COVID-19 and Safe Water Treatment – Utilities Are In The Focus
Robustness and Flexibility of Combined Disinfection Processes – Operations Under COVID-19 Outbreak
At the end of 2019, an outbreak of novel coronavirus (COVID-19) occurred in China and the virus has rapidly spread across the country. On 30 January 2020 the World Health Organization (WHO) declared the COVID-19 outbreak global health crisis, and less than1 1/2 months later, on 11 March 2020 she declared that COVID-19 has become a pandemic.
Working for communities and cities, providing people with water and wastewater services, the water utilities are under close observation to provide safe drinking water and sanitation. A pandemic outbreak caused by a virus leads to insecurity among populations. It is the moment the utilities to prove that they are robust and safe providing essential services for their societies and the environment.
How do the treatment facilities handle this deadly pandemic caused by a new virus?
In China and other countries, COVID-19 has been found to be viable in stool and urine samples collected from patients infected by the virus. It is critical that wastewater treatment facilities implement effective disinfection practice to ensure the virus does not spread via reclaimed effluent during the outbreak.
Because COVID-19 is newly discovered, research is still being conducted to understand its characteristics such as viability, survival time, migration patterns and transmission pathways, and inactivation by conventional disinfection practices. Before this information is collected, a common practice by the treatment plants is to increase the
The most commonly used wastewater disinfection practices include chlorine (in the form of gaseous chlorine or sodium hypochlorite), ultraviolet (UV) irradiation, and ozonation. Each disinfectant has its advantages and limitations. For example, if chlorine is the only disinfectant used and its doses are increased to achieve a higher disinfection standard (e.g., fecal coliform below detectable level), the chlorine residual in the effluent may become excessive (>0.3 mg Cl2/L), resulting in adverse effect on the ecological environment of the receiving water. Due to this consideration, Beijing Drainage Group collaborates with the Tsinghua University on a research project entitled “Research and Demonstration of Key Treatment Technologies for Enhancement of Reclaimed Water Quality in Beijing.” The treatment scheme investigated is shown in Figure 1 and focuses on a centralized urban recycled water system.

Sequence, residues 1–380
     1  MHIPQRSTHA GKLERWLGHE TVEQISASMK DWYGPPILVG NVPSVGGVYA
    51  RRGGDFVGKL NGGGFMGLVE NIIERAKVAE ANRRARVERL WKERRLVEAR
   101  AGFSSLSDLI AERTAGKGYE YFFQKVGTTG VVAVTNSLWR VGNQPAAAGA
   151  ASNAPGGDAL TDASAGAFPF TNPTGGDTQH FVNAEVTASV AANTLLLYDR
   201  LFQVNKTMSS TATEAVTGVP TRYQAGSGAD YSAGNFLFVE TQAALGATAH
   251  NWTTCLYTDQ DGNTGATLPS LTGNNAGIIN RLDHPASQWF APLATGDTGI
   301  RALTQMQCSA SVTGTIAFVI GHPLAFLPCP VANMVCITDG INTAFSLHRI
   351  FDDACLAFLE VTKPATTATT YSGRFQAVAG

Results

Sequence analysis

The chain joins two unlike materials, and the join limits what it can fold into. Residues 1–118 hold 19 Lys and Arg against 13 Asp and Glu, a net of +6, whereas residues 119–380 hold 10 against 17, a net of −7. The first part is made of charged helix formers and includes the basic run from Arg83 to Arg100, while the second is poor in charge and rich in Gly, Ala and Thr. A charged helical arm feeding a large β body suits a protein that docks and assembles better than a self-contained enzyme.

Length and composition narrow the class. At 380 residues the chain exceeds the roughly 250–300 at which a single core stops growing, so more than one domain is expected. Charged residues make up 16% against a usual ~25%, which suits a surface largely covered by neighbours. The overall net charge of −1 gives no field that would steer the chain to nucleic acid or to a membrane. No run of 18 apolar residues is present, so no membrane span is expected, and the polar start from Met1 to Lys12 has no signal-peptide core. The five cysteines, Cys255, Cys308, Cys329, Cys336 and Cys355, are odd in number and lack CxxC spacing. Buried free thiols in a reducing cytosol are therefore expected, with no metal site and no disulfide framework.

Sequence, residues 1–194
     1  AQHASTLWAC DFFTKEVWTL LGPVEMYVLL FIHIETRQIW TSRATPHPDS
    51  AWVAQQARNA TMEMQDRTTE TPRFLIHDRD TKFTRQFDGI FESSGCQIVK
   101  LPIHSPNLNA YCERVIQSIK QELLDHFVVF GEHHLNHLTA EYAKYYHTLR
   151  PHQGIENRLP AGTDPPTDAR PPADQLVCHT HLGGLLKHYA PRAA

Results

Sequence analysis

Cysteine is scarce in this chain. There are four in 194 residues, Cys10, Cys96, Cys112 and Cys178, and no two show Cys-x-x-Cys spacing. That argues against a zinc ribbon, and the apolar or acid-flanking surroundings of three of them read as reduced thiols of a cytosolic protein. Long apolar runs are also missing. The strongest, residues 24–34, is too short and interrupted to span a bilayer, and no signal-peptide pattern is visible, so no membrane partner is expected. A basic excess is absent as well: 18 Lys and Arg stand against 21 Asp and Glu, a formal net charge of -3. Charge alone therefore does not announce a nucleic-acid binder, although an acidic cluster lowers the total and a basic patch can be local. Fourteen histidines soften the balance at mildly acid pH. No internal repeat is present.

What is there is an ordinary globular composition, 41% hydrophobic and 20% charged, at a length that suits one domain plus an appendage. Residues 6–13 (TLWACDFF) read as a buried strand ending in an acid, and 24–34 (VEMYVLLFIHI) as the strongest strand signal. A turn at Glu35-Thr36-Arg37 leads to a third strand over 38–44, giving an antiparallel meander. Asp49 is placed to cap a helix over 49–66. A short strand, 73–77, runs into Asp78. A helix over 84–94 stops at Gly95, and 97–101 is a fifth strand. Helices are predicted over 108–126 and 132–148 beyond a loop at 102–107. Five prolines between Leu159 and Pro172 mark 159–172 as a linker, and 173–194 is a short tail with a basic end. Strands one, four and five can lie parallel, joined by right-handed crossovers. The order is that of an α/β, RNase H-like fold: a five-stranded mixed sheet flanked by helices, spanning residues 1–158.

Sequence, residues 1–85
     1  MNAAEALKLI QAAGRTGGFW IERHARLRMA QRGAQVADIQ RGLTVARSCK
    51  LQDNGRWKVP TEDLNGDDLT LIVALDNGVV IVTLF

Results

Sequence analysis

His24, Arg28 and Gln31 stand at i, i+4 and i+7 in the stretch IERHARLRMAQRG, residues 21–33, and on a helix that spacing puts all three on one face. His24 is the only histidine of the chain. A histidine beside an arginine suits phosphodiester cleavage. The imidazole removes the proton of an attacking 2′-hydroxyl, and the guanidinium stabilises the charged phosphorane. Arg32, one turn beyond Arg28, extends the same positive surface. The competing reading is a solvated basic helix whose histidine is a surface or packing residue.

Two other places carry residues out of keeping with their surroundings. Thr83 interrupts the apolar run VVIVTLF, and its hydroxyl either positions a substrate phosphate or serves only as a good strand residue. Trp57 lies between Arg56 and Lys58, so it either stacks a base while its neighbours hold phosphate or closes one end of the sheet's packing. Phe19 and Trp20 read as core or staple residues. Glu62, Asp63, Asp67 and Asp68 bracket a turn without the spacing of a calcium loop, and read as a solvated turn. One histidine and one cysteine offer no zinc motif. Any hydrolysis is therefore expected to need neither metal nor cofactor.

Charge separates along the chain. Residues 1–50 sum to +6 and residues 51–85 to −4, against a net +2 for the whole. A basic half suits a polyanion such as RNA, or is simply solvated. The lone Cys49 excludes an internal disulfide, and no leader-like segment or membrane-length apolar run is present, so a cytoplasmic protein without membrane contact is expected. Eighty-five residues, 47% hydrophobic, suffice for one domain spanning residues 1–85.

As shown in the figure, different disinfection technologies are combined and monitoring and control measures are employed to provide multiple barriers for water quality protection. The use of multiple disinfection technologies provides enhanced reliability, robustness, and flexibility for reclaimed water disinfection. The disinfection efficacy of this combined system is less likely affected by fluctuations in influent flow and water quality.
Fig. 1 Combined disinfection scheme of centralized urban recycled water system
The proposed disinfection system can be used to evaluate six different operation schemes. By optimising the combination of ozonation, UV irradiation, and chlorination with sodium hypochlorite based on influent water quality, the advantages of each disinfection technology and the synergy among different technologies can be fully realized. Research results indicated that ozonation results in a 20-30% increase in UV transmittance of the water, consequently the UV dose can be reduced. During the COVID-19 outbreak, ozone and UV doses were adjusted to achieve a high level of disinfection whereas the residual chlorine concentration was relatively stable, exerting less adverse impact from chlorination.
UV irradiation of Gaobeidian water reclamation plant of Beijing Drainage Group(capacity 1,000,000m3/d)
The combined disinfection practice achieved 99.99% inactivation of fecal coliform; fecal coliform concentration in the disinfected effluent was below detection (detection limit is 2 CFU/L). No COVID-19 was detected in the effluent after disinfection. Chlorine residual in the discharge was low (<0.1 mg Cl2/L). The use of combined disinfection technologies has proven that the process is not only effective in inactivating pathogens, but also robust, flexible, and stable. Furthermore, it can be operated in a cost-effective manner.
We tested the virus concentration of the effluent from the sewage treatment plant. No COVID-19 was detected in the effluent after disinfection.
Water and wastewater management has proved to be a reliable and essential factor of our societies and a core contribution to the public health even during a virus related pandemic. The utilities’ first response to the outbreak by augmenting the disinfection dosages has been the core step in protection and prevention of both the utility employees and the receiving water environment and minimalises the potential spread of the virus.